12. kurtnelle New Member

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    X-FI Rocks

    Hello All nay sayers. Being the proud owner of an X-FI for months now I must say that 1) the technology does improve the sound quality beyond the original cd quality! 2) The 3D sound technology is utterly fantistic. 3) you don't need 100+ "cans" to listen, as it will make even cheep 10 cans sound better (I know because I had those too, yes I was poor but now I have Sennheisers!) 4) Sound information is not like regular data. When sound is converted from Digital to Analogue it usually comes out as a square wave of sorts, and 16 bit sound is more square than 24 bit sound. So technology designed to "smooth out the wave" is entirly possible. If the XMod is anything like the X-FI card then I know it will rock!
     
    Last edited: Oct 12, 2006
  13. Helmi

    Helmi New Member

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    That would imply you actually did listen to the high-quality studio recordings (before they were mastered to CD) in order to be able to compare.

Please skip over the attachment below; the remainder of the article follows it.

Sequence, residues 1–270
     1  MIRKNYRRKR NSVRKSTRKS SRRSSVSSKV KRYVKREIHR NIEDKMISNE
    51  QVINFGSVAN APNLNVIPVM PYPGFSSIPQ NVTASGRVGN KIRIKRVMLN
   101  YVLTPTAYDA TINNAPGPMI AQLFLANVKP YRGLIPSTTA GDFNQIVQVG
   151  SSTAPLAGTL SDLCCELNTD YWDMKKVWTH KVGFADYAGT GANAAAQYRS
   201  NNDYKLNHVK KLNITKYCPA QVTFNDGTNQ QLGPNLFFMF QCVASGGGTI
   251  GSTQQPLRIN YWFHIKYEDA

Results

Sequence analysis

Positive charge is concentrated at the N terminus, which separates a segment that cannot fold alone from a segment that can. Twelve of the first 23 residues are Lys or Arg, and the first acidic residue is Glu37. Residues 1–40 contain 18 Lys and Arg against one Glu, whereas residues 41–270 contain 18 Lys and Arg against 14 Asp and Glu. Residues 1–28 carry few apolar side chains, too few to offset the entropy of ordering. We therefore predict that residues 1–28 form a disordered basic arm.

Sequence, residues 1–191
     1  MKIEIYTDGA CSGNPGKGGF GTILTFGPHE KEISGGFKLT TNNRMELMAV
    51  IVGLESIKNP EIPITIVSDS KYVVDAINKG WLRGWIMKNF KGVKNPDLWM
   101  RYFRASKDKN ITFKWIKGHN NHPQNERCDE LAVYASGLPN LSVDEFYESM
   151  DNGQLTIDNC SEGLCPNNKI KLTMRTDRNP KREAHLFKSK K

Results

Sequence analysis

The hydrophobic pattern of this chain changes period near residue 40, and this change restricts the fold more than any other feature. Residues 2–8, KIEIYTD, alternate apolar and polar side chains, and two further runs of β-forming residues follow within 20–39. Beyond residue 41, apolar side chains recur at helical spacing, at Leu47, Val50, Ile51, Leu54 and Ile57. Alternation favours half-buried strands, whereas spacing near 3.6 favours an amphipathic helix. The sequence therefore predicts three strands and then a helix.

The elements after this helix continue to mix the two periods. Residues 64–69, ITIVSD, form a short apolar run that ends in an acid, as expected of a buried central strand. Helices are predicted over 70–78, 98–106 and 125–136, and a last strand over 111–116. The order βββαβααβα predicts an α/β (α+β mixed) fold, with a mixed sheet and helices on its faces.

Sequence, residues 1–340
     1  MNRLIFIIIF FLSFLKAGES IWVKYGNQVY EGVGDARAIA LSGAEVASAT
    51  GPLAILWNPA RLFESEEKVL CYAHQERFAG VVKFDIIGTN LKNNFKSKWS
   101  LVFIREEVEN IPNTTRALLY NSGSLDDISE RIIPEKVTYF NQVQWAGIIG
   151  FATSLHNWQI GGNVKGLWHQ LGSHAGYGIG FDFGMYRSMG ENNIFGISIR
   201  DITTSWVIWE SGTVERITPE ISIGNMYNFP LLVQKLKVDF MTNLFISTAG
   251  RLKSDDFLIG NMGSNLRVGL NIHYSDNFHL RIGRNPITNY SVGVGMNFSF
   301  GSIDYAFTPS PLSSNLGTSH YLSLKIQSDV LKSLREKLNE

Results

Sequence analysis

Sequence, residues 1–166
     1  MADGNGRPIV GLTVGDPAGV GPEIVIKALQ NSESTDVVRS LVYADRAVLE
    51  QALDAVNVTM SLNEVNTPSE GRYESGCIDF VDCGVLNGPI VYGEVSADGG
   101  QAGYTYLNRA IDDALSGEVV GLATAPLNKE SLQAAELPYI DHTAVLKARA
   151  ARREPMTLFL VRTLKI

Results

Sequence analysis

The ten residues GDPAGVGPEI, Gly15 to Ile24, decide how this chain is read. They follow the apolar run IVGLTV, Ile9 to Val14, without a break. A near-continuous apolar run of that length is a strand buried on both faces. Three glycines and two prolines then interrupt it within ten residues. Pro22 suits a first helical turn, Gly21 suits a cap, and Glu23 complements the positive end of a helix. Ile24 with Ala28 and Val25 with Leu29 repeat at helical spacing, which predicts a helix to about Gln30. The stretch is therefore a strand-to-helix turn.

While I'm not denying the fact that it may sound better, it's just that, to you it sounds better.
    It's all about subjective perception.
    If you are contend with that, fine.
    However, be aware it might not sound the way the artists intended it to sound.
    And that is what High Fidelity (HiFi) is about.

    Also, I do have to admit, having experienced several studio recordings myself, mastering the samples to CD immediately means a loss of a lot of audio quality!
    I couldn't believe it myself at first but compared to the HQ recordings, a CD sounds really, really "flat".

    While it may be possible to "smooth it out", you cannot restore information that is no longer present.
    It simply does not work.
    You can try to guess it and based on the algorithm you use your try can be more or less successful but you will never be able to restore it 100%.
     
  14. Jimmy 2004

    Jimmy 2004 New Member

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    I don't want to start an argument, and I'm not denying that the quality may appear to sound better but basic knowledge of physics and maths quite simply does not allow the quality of the original to be exceeded in such a way... the only way would be to re-record the whole thing using better equipment.
     
  15. kurtnelle New Member

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    Original Studio Quality

    Granted their isn't anything that can restore the stuido quailty, all i'm saying is that it sounds better than the original cd quality. In the end it's all about the end user's perception of the music, so if the technology makes it "appear" to sound better then why not. Also it's not like it 100+ dollars!